A principal difference between the CIA and MI is the customer. While the CIA's customers are the President, cabinet-level officials, and the National Security Staff, MI is focused on the commander's priority intelligence requirements. The commander is the principal customer, whether it is at the battalion, brigade, division, corps or other echelon of command.

Another important distinction, related to the first, is the level at which each organization focuses its intelligence collection, reporting, analysis, and production. The CIA is focused at the strategic or national level, while the military is, for the most part, focused on intelligence at the tactical and operational levels.

Still, there are times when the lines cross. While military commanders are most interested in intelligence specific to their area of operations (AO) and level of command, many military commanders are also consumers of the CIA's products in order to fill intelligence gaps at the strategic level (i.e., what is going on around them, outside of their AO and in neighboring countries). In the same vein, the military, at times, collects intelligence of strategic value, which is then used by the CIA to analyze.

And, while there are many other differences between the CIA and the military such as rank, uniform, jargon, acronyms, and above all the size of each organization's budget and the number of personnel, the two organizations are drawn to work together with one overarching purpose--the national security of the U.S. (14)

How do the CIA and the Military Work Together?

The CIA and the military have worked together to protect and defend the U.S. since the CIA was established in 1947. This complex relationship has evolved during that time in response to world events. (15) One way the CIA and the military work together is through intelligence sharing. CIA analysts use MI reporting in their finished products. The military, in turn, uses CIA intelligence to round out its strategic picture of the operational environment.

Operationally, the CIA and the military have worked together for many years but especially since 9/11 in Iraq, Afghanistan, and elsewhere. As a result, many institutional and individual connections have been established or strengthened, so much so that the relationship between the CIA and the military arguably has never been better. The Abbottabad raid is probably the best recent example of CIA and Department of Defense (DoD) operational cooperation.

The military also works with the CIA through the CIA's array of stations and bases overseas. The Chief of Station, is a senior NCS officer at each station, and could be viewed as the CIA's "commander" in military parlance.

Finally, the CIA's Office of the Associate Director for Military Affairs (ADMA) coordinates worldwide activities that support CIA and DoD interaction. As an example, ADMA manages CIA representatives at military headquarters, particularly the Combatant Commands, as well as Faculty Representatives at selected DoD schools such as the National and Service War Colleges. The representatives' offices are intended to enhance cooperation and understanding between the CIA and the military regarding each other's missions, capabilities and limitations. (16)

Conclusion

The CIA and the military have very different missions, but both are vital to protecting and defending the U.S. Since 9/11, world events have drawn the two organizations closer together and a spirit of cooperation has emerged. Going forward, the CIA and DoD will need to maintain that same level of interagency cooperation and also seek ways to further improve interoperability in order to face our adversaries of tomorrow.

Endnotes

(1.) Transcript of President Obama's Remarks to the Intelligence Community at CIA Headquarters, May 20, 2011, at www.cia.gov/news-information/speeches-testimony (accessed April 29, 2012).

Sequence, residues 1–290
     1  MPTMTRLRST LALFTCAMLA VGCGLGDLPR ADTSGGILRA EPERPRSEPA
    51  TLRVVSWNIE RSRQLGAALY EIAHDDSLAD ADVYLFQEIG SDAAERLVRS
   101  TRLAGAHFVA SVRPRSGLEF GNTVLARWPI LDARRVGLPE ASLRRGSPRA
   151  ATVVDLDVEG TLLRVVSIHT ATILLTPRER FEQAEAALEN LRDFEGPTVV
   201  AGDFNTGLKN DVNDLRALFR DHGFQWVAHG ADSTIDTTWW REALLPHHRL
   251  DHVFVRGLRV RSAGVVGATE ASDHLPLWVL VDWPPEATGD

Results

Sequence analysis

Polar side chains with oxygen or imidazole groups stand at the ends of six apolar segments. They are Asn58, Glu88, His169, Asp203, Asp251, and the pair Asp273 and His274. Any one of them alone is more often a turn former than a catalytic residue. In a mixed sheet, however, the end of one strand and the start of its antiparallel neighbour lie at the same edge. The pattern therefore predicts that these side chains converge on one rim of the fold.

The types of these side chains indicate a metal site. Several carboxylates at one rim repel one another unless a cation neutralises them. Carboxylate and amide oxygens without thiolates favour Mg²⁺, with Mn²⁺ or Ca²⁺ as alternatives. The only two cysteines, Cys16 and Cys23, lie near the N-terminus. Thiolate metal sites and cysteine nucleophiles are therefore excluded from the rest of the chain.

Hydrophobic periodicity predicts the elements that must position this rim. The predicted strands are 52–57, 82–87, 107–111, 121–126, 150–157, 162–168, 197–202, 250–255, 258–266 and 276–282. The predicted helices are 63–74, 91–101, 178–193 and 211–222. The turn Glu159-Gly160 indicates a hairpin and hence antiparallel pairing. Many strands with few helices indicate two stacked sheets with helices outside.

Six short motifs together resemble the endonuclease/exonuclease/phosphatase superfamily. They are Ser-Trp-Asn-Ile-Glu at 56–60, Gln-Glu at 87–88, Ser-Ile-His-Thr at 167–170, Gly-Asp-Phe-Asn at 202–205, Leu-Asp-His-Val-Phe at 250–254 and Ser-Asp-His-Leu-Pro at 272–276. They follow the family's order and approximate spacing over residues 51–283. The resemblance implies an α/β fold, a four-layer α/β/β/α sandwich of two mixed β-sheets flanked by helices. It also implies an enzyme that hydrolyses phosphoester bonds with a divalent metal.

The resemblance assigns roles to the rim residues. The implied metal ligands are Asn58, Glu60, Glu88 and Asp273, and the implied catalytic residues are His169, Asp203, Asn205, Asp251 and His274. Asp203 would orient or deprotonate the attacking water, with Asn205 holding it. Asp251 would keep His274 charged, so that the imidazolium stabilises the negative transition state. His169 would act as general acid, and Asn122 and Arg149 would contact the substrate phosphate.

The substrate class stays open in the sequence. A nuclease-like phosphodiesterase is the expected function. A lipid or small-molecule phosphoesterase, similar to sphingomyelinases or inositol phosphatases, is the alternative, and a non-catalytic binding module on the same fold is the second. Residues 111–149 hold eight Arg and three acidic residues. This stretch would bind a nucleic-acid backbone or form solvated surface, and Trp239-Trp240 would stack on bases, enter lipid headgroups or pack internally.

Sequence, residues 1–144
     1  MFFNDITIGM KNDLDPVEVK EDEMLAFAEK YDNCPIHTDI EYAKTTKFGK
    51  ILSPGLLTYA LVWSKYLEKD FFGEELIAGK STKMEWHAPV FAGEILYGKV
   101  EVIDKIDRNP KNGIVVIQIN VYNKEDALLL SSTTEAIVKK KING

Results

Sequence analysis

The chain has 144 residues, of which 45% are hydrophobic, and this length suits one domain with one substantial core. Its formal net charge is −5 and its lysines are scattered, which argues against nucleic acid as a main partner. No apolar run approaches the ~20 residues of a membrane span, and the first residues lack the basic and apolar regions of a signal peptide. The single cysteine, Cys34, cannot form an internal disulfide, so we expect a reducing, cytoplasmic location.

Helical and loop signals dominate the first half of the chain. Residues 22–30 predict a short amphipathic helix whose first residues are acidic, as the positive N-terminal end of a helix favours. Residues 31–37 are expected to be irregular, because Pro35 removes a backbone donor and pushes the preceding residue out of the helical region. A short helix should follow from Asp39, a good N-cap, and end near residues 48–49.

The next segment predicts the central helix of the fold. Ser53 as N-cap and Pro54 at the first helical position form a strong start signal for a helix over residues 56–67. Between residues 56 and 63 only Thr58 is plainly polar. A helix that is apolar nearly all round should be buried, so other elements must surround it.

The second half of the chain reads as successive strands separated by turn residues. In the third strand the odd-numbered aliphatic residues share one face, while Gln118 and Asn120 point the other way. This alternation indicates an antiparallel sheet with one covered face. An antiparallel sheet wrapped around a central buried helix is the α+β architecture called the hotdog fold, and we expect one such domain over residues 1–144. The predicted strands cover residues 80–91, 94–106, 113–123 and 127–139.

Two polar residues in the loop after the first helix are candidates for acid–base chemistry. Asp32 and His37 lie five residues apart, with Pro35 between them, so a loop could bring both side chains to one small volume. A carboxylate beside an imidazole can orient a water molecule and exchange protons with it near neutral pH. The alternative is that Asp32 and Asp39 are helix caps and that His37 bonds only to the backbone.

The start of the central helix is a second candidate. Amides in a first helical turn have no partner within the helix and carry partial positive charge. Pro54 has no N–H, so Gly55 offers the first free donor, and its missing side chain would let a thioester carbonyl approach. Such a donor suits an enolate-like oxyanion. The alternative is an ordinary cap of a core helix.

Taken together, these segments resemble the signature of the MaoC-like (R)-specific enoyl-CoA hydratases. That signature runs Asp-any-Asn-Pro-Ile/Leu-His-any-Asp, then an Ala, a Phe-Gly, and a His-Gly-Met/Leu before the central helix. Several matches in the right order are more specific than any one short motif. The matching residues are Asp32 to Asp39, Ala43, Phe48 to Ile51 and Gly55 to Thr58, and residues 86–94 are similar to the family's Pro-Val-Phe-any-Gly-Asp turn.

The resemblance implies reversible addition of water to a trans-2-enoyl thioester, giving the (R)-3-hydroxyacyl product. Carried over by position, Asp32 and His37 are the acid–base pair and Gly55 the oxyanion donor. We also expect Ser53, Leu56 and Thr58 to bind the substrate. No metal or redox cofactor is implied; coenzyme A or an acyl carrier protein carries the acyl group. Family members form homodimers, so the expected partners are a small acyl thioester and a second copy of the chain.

(2.) Today's CIA, at www.cia.gov/about-cia/todays-cia/index.html (accessed May 4, 2012).

(3.) National Security Act of 1947, at http://intelligence.senate.gov/nsaact1947.pdf, pp. 30, 57-59 (accessed May 4, 2012).

(4.) The Intelligence Reform and Terrorism Prevention Act of 2004 amended the National Security Act to provide for a DNI who would assume some roles formerly fulfilled by the Director of Central Intelligence, with a separate Director of the Central Intelligence Agency.

(5.) Remarks of CIA General Counsel at Harvard Law School, at www.cia.gov/news-information/speeches-testimony/2012-speeches/testimony, April 10, 2012 (accessed April 29, 2012).

(6.) NCS was previously called the Directorate of Operations.

(7.) Today's CIA, at www.cia.gov/about-cia/todays-cia/index.html (accessed April 29, 2012).

(8.) Clandestine Service, Our Mission, at www.cia.gov/offices-of-cia/clandestine-service/our-mission.html (accessed May 4, 2012).

(9.) Intelligence & Analysis, at www.cia.gov/offices-of-cia/intelligenceanalysis/index.html (accessed May 10, 2012).

(10.) Available at www.cia.gov/offices-of-cia/intelligence-analysis/products.html (accessed May 10, 2012).

(11.) Science & Technology, at www.cia.gov/offices-of-cia/sciencetechnology/index.html (accessed May 4, 2012).

(12.) The CIA museum offers tours to select military groups and houses an impressive display of DS&T's past creations and innovations.

(13.) Support to Mission, at www.cia.gov/offices-of-cia/missionsupport/index.html (accessed May 4, 2012).

(14.) DoD personnel and budget numbers are significantly larger than the CIA.

(15.) History, at www.cia.gov/offices-of-cia/military-affairs/history.html (accessed May 12, 2012).

(16.) Military Affairs, at www.cia.gov/offices-of-cia/military-affairs/what-we-do.html (accessed May 12, 2012).

By Lieutenant Colonel John D. Johnson

Lieutenant Colonel John D. Johnson, an MI officer, is a 1992 graduate of Texas Christian University. He has served overseas in Afghanistan, Iraq, Korea and Germany in addition to multiple assignments in the U.S. He is currently assigned to the CIA's Office of the Associate Director for Military Affairs. This article has been reviewed by the CIA to prevent the disclosure of classified information. That review neither constitutes CIA authentication of information nor implies CIA endorsement of the author's views.
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Author:Johnson, John D.
Publication:Military Intelligence Professional Bulletin
Date:Apr 1, 2012
Words:1884